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The Castle & its spectral French dwarf are among Beaufort’s haunts

The Castle & its spectral French dwarf are among Beaufort's haunts

The Castle and its spectral French dwarf are among Beaufort’s haunts: The Castle, located on Craven Street in the Point Neighbourhood of downtown Beaufort, is one of the city’s most well-known and renowned historic homes. There are many legends based there, and a ghostly 500-year-old French dwarf even calls the Castle home.

It is also referred to as the Joseph Johnson house and is allegedly extremely haunted. The Huguenot settlement of Charlesfort was established in 1562 by Jean Ribaut and his French settlers on what is now Paris Island. It is reported that Ribaut travelled with Gauche, a dwarf who makes his living as a jester. Gauche allegedly compensated for his short stature by being a difficult customer.

He is said to have perished in battle far from Charlesfort, impaled on a pike on the spot where, some 300 years later, Dr. Joseph Johnson would build his house. Even Dr. Johnson himself has reported seeing Gauche’s ghost both inside and outside the house.

The Castle & its spectral French dwarf are among Beaufort’s haunts

Visitors to The Castle have spotted him while on tours, and the ghost frequently had tea party with Dr. Johnson’s daughter Lily when she was a little girl.

The ghost is reported to move objects, open and shut doors, tap out messages in 16th-century French, and leave red handprints on windows.

He purportedly typed messages in dated 16th century French. In one of Nell S. Graydon’s translations, the restless ghost had a strange chat with a house guest and revealed his identity in Tales of Beaufort. Since it reminded him of his residence, which he would never again visit, it made the claim that it was residing there and going by the name Gauche. When the guest asked to see Gauche, the jester said, “No, I do not show myself to fools.”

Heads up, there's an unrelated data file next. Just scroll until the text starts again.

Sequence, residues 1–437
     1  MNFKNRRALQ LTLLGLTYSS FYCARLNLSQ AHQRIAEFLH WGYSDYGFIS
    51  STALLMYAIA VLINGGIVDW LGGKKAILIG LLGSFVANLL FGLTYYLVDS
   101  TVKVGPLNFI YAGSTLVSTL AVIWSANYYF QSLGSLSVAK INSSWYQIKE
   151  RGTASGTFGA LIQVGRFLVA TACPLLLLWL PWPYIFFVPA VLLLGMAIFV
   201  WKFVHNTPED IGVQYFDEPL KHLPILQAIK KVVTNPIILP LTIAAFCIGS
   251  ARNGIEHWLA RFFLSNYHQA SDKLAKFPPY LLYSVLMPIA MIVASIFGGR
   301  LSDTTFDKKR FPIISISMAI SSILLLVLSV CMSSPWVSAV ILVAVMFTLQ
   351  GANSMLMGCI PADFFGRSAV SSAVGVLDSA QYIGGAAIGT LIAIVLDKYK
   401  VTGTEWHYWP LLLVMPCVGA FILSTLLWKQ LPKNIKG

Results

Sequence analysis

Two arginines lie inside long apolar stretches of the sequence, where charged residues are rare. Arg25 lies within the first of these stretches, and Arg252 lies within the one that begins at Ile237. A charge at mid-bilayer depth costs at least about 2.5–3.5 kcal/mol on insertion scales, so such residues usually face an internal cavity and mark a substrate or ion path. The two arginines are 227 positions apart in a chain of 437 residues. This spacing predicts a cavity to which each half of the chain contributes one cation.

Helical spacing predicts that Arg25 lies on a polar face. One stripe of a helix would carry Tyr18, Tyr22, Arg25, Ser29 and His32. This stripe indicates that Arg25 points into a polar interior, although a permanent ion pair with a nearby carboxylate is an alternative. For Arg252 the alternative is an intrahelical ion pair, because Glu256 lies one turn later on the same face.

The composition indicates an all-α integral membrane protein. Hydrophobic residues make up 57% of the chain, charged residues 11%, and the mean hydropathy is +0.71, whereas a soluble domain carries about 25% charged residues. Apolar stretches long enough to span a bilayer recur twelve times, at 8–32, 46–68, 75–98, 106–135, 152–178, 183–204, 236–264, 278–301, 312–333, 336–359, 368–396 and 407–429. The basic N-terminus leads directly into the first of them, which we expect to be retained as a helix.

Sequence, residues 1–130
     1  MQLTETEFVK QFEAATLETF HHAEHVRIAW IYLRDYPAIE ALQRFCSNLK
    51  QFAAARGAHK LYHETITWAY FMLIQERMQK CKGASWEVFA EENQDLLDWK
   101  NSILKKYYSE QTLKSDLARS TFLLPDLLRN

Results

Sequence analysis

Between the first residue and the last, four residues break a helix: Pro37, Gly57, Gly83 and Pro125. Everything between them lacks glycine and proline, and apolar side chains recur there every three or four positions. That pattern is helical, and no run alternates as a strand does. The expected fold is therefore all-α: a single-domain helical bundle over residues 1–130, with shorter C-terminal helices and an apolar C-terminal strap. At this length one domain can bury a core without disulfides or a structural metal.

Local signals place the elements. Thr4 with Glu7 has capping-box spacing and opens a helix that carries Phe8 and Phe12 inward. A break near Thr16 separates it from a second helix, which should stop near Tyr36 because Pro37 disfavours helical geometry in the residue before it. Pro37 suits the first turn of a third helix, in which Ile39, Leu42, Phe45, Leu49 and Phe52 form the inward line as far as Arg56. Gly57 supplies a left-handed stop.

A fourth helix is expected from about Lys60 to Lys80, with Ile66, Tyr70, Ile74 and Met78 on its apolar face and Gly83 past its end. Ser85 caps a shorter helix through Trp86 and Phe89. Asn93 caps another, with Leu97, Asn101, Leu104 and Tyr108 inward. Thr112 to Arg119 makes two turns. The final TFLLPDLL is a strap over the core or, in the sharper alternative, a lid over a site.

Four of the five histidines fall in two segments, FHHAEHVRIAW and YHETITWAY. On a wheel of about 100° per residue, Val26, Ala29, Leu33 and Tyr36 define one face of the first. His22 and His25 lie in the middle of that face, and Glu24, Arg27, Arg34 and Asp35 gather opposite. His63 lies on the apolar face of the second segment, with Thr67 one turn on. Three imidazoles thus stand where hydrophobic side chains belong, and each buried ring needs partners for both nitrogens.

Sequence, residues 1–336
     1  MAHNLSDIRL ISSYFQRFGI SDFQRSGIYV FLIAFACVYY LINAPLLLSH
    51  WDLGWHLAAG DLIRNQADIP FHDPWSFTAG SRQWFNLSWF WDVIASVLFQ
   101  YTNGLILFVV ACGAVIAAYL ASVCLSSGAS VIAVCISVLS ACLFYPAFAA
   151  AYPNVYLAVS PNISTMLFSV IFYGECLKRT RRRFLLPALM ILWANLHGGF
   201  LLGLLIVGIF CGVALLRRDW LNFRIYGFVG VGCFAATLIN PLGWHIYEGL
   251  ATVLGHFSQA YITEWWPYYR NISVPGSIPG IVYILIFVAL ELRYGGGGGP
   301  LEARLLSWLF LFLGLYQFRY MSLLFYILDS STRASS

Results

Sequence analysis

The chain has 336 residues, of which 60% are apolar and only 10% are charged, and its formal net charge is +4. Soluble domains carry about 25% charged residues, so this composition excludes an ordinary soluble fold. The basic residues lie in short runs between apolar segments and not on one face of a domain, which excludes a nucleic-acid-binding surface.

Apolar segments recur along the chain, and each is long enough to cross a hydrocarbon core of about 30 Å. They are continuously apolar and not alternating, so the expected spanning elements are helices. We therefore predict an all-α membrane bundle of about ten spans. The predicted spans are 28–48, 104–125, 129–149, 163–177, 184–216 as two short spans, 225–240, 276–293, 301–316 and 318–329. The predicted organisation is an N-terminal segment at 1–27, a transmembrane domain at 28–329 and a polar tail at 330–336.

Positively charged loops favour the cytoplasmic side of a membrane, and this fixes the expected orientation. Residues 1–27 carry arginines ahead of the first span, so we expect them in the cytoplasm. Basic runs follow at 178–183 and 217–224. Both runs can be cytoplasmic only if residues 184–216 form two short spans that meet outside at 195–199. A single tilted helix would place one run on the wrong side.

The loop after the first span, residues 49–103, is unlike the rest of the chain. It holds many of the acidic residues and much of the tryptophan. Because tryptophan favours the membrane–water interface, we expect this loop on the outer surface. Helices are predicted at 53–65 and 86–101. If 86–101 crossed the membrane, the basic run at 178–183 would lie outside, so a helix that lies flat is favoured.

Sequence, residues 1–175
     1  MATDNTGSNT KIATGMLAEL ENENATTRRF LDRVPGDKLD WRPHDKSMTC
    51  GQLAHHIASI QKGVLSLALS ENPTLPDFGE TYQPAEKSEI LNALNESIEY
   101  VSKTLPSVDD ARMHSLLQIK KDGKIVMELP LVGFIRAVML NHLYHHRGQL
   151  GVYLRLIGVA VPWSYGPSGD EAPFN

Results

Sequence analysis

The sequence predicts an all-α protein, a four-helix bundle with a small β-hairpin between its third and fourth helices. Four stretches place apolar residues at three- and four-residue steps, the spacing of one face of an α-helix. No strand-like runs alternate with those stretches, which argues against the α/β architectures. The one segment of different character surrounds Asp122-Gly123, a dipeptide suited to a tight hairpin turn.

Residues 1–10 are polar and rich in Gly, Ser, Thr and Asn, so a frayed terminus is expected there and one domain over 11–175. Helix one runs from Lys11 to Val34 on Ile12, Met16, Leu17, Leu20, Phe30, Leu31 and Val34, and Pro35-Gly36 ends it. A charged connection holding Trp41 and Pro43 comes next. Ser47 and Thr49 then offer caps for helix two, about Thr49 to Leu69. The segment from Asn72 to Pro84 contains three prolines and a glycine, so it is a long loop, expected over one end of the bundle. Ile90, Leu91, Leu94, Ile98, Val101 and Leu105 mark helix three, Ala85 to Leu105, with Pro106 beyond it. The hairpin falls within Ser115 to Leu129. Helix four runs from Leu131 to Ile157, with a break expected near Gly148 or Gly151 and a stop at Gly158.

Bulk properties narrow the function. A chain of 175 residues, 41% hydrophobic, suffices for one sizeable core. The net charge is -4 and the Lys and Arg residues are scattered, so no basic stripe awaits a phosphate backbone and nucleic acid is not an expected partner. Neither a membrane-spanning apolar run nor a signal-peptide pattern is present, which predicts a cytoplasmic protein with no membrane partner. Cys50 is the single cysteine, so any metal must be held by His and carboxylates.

Some people assert that you can hear the bells on his outfit clanging when he is nearby. Visitors to the house have related how they saw a wisp of fog transform into a small man before vanishing into the night. The rich history of the Castle, which includes that of a French dwarf, adds to the legend.

Union troops used the house as a hospital before it had finished construction. Later that year, after the Johnson family had moved there, Union forces quickly seized possession of Beaufort.

During the rest of the Civil War, the house was used as a hospital and an outbuilding behind it was used as a morgue, and also the hiding place for some of Johnson’s valuables.

It’s said that even today, Gauche still makes his presence known, and the legend of The Castle continues on….ghostly French dwarf and all.

Facts about The Castle Beaufort’s haunts

Locals call this house “the Castle.” It was built in 1859, before the Civil War began. It was made for Dr. Joseph Fickling Johnson, whose family moved in while the manse was still being built. Because Union siege ships were in the area, decorative ironwork and fences could not get to the builder, J.S. Cooper. Before the Union took over the town in December 1861, the Castle was the last house to be built there.

The Johnson home was used by federal troops, first as a place to stay and then as a military hospital. During the war, the brick outbuilding, which was probably built as a kitchen, was used as a hospital.

Beaufort still hears stories about how the Johnsons hid goods under the floor of the small building before the British took it over. Other stories say that ghosts are often seen in the house and on its grounds. Dr. Johnson himself is said to have seen a ghost walking through his gardens.

The Castle got its name either because of its fancy wall or because it was near the Beaufort River, which made it look like it had a moat. The Greek Revival house with 23 rooms and plastered bricks was owned by the Johnson family until 1981.

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